Randy Tepper/Showtime
October 25, 2010 at 06:07 AM EDT

In the past, I’ve always found it refreshing when Dexter would ignore the advice of his dark passenger. These moments reminded me that as much as his DP is part of his life, he is fully capable of setting it aside and acting on his own — however briefly. So when Dexter nursed Lumen back to health last week, I was proud of him for acting against Harry’s wishes. Unfortunately, as we’ve learned before, the actions that make Dexter a better person also make him a sloppy serial killer. I hate to say it, but Dexter would’ve been much better off had he followed Harry’s advice to kill Lumen. As we saw this week, she turned out to be the big cherry on top of Dex’s ever-growing fudge-me sundae of problems.

We opened this episode with, quite literally, the smallest of Dexter’s woes: Harrison. Despite his son getting a clean bill of mental health in a previous episode, Dexter once again found himself worried after Harrison caused playtime havoc (term used relative to children sitting under a rainbow parachute at mommy-and-me classes). Since Rita’s death, Dexter has become an expert in over-analyzing Harrison’s actions, so naturally he turned a simple act of toddler misbehavior — Harrison scratched another kid on the cheek — into premeditated assault and a sign of darker things to come.

“I want to believe that smile, that watching your mother die hasn’t changed you the way that watching mine changed me,” he pondered as the children played, officially making him the most adorably paranoid dad ever. Luckily, Harrison’s nanny would later put Dexter’s concerns to rest by telling him the story of her now-vegetarian Greenpeace-associated brother who used to bite others like a “bloody little cannibal.”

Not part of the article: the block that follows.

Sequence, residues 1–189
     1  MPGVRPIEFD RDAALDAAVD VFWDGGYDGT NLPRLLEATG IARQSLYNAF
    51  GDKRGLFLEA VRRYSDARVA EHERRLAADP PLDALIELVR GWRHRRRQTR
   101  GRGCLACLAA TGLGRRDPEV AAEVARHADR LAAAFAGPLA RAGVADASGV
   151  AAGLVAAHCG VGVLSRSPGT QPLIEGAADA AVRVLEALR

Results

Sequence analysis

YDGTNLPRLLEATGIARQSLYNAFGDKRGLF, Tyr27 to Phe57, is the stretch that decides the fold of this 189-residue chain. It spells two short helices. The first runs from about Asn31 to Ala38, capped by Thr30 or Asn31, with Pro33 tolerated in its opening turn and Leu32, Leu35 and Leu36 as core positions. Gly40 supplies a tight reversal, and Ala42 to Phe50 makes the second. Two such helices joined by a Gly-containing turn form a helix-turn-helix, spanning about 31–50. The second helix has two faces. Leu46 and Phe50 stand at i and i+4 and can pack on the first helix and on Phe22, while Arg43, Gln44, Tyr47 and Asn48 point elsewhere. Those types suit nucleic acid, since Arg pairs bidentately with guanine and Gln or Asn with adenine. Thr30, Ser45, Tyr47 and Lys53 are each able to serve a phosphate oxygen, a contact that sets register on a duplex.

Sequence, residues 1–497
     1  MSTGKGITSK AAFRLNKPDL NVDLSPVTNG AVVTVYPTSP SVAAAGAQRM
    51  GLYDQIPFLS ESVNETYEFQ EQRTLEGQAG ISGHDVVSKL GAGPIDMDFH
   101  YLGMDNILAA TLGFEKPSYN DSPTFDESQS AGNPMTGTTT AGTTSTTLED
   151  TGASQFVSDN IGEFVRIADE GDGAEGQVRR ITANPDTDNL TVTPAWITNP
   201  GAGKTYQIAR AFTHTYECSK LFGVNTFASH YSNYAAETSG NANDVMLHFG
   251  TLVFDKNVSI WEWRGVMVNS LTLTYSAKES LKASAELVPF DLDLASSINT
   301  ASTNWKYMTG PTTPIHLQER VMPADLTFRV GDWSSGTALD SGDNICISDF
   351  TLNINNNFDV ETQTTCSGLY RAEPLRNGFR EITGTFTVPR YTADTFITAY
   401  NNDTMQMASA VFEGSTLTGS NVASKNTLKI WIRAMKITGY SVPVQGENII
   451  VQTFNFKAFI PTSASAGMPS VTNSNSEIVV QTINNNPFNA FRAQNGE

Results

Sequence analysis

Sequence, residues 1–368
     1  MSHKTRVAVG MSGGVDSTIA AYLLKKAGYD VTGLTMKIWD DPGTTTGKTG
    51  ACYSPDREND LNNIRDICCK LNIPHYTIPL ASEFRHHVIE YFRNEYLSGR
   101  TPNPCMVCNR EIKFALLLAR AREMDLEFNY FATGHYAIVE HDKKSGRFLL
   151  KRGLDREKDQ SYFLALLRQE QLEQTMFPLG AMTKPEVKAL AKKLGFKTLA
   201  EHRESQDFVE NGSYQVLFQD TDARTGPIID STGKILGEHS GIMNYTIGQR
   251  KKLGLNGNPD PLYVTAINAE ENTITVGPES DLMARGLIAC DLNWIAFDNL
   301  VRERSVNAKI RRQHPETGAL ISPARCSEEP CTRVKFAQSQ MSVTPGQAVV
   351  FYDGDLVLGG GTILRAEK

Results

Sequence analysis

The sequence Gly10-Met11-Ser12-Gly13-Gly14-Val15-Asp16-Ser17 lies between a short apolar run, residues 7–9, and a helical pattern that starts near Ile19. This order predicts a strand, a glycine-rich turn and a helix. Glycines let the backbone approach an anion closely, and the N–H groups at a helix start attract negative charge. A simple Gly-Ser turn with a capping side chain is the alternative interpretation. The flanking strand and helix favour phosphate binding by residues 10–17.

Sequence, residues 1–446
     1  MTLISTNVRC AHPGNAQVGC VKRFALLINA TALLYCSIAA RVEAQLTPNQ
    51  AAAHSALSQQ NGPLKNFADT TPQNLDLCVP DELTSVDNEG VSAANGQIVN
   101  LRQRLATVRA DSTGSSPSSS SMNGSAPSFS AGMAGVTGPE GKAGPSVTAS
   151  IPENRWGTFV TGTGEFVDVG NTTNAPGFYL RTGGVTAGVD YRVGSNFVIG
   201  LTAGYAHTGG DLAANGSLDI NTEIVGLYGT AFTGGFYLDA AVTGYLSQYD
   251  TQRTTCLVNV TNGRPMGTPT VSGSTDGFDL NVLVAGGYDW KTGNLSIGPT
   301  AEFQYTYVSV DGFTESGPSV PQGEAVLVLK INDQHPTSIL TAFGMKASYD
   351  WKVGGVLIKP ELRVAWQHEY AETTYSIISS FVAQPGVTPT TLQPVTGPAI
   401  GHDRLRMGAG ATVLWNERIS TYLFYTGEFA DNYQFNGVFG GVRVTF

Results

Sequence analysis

The same sense of ease wasn’t present at Dexter’s breakfast with Lumen. “Every time you see me, you look disappointed, like you were hoping to find an empty table,” she told him as he approached their meeting place. But what did she expect? Would anyone want the person who witnessed them committing murder hanging around? Dexter trying to push her out of town is the best scenario she could have hoped for. (The worst, of course, being that she would have ended up the same place Boyd Fowler did.)

But Lumen wouldn’t listen to Dexter when he told her that she needed to “get out of Miami to get past this.” He even gave her a plane ticket to Minneapolis. Yet she insisted that all she wanted from him was his help in searching for the men who hurt her. “I saw you kill Boyd. You knew what you were doing,” she said, in a very public place. But Dexter said killing the men would only open up a dark place in her. “Trust me,” he said.

“Trust you?” she replied. “I don’t even know your last name.” Touche. It was clear when she stormed off from the table that Lumen would take matters into her own unskilled hands. Dexter had hoped she would take his advice since she left the restaurant with the plane ticket, but deep down he knew the issue was far from closed. And he was right.

NEXT: An extra-marital affair? Or simply a matter of Internal Affairs?

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Michael C. Hall plays a serial killer who only murders evildoers in this gruesome drama
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